From a training regimen standpoint, JD took three months where he only stepped onto a wrestling mat a few times a week. When not wrestling during that period, he substituted cross training methods, especially borrowing from the increasingly popular crossfit and crossfit mobility regimens (crossfit mobility uses things like foam rolls and pvc pipe to do a sort of deep tissue massage). For his specific challenges, this type of cross training reduces the strain on troubled parts of his body while letting him better dictate how his training can help reduce the risk to and support the injured areas.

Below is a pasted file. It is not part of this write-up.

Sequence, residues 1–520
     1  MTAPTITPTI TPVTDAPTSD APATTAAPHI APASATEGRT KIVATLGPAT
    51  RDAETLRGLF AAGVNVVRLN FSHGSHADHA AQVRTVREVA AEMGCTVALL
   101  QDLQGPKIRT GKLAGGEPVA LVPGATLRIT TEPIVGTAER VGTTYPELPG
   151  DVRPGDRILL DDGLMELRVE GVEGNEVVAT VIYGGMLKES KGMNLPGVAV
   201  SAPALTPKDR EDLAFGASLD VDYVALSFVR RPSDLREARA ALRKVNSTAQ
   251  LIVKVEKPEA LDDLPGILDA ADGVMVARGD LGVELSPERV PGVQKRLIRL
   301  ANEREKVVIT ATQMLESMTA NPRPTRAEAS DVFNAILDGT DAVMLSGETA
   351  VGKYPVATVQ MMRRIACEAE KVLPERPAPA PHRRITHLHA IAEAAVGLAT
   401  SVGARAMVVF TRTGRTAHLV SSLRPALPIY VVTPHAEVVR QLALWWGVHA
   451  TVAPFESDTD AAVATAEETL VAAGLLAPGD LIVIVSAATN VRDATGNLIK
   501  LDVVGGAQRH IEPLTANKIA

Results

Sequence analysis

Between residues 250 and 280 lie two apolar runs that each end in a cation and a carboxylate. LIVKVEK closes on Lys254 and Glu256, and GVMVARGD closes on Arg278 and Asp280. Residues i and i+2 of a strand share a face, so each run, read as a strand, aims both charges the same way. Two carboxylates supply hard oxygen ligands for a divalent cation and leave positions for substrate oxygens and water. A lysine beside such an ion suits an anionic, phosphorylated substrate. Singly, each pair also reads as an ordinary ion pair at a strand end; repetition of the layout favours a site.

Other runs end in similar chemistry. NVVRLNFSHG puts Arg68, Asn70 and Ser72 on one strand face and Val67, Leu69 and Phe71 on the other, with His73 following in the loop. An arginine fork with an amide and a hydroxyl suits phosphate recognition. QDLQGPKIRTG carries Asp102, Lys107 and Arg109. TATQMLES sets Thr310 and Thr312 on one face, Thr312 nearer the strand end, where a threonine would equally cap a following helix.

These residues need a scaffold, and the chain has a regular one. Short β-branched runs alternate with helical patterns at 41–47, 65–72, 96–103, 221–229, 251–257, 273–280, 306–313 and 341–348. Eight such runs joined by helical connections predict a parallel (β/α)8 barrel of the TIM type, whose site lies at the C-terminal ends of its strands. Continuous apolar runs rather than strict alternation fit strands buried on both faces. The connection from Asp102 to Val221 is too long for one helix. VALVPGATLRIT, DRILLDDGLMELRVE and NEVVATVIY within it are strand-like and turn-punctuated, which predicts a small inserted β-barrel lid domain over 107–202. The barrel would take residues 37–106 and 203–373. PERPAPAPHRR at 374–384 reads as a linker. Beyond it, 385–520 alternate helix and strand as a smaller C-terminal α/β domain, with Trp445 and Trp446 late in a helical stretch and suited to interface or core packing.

JD says that although blessed with youth and extraordinary athleticism, his inattention to nutrition was significantly hurting his ability to compete. He now believes, and there are persuasive voices from the scientific community in agreement, that the body was designed to run at a high level primarily using fat as a fuel source, not carbohydrates. Fat is a by-product of eating anything, whether it has nutritional value or not, that is stored until burned. Carbohydrates and their resulting sugar provide little nutritional value but are either turned to fat or burned more quickly in the expenditure of energy. Proponents believe that because of the typical American diet, most people burn sugar first and fat secondarily, thus first relying on a fuel source that introduces little nutritional value. So as a body loads up on bread, rice and pasta that convert to large amounts of sugar, the fuel source is sugar. Proponents believe a diet of mostly fruits, vegetables, fish, grassfed beef, eggs (including the yolk) and nuts, without reliance on dairy, breads and rice converts the body, especially the body of an athlete, into a machine that uses fat as its primary fuel source, which is a more powerful and efficient source of fuel. JD also insists that quality matters in the consumption of food and so he submits that food should be organic where possible and genetically modified food should be avoided.